Egypt: Chilling rise in executions reveals depth of human rights crisis

In October and November alone, the Egyptian authorities executed at least 57 men and women, nearly double the recorded 32 people they executed throughout 2019, Amnesty International said today. This horrific assault of the right to life included at least 15 people sentenced to death in cases relating to political violence following grossly unfair trials marred by forced “confessions” and other serious human rights violations including torture and enforced disappearances.

This shocking death toll is likely to be an underestimate, as Egyptian authorities do not publish statistics on executions or the number of prisoners on death row; nor do they inform families or lawyers in advance of executions. Pro-government media reported 91 executions citing anonymous official sources since October.

“The Egyptian authorities have embarked on a horrifying execution spree in recent months, putting scores of people to death, in some cases following grossly unfair mass trials,” said Philip Luther, Amnesty International’s Middle East and North Africa Research and Advocacy Director.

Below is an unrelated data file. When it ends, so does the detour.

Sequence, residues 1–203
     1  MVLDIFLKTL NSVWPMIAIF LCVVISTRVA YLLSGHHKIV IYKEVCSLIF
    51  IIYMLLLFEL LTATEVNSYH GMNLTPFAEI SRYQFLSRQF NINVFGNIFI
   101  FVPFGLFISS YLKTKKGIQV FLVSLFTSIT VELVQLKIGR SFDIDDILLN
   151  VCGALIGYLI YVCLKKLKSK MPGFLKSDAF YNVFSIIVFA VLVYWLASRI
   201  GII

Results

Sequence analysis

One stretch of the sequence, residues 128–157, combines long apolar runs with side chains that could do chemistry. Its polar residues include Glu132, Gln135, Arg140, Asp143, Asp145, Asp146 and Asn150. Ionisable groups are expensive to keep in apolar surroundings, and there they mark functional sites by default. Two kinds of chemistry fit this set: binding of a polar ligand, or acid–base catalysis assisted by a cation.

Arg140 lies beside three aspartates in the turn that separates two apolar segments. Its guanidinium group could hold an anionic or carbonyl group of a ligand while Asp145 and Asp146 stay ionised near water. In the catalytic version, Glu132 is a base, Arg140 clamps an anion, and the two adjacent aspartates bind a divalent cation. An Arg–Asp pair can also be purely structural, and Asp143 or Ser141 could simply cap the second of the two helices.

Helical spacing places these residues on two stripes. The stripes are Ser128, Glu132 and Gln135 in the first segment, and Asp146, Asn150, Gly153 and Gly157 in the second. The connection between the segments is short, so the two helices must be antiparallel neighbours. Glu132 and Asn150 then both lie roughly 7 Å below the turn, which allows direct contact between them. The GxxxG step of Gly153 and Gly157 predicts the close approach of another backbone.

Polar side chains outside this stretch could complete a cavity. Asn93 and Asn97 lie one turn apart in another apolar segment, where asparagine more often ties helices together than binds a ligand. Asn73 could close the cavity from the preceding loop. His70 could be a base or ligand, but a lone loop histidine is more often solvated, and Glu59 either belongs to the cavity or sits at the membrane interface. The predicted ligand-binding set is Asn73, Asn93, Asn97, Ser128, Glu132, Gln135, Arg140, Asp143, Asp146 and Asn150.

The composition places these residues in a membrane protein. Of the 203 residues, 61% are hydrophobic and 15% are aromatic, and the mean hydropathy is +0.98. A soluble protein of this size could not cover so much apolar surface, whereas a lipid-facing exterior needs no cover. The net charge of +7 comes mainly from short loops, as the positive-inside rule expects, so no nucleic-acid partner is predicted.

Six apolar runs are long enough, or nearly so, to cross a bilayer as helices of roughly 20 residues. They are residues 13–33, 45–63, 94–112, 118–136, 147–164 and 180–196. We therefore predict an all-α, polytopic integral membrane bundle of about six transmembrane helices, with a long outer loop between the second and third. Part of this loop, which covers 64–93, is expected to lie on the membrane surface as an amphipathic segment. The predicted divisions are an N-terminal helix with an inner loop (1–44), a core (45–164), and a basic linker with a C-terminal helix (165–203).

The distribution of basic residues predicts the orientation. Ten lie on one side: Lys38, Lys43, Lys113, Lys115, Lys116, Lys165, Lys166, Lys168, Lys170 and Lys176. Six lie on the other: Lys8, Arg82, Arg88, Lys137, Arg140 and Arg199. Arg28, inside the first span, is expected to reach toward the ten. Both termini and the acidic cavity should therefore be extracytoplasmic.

“These executions are particularly appalling given the well documented and systematic breaches of fair trial rights in Egypt, with courts often relying on torture-tainted ‘confessions.’ Not only are the Egyptian authorities trampling on the right to life in shocking disregard for their obligations under international law, but they are also punishing the brave human rights defenders at the Egyptian Initiative for Personal Rights documenting and speaking out these violations.”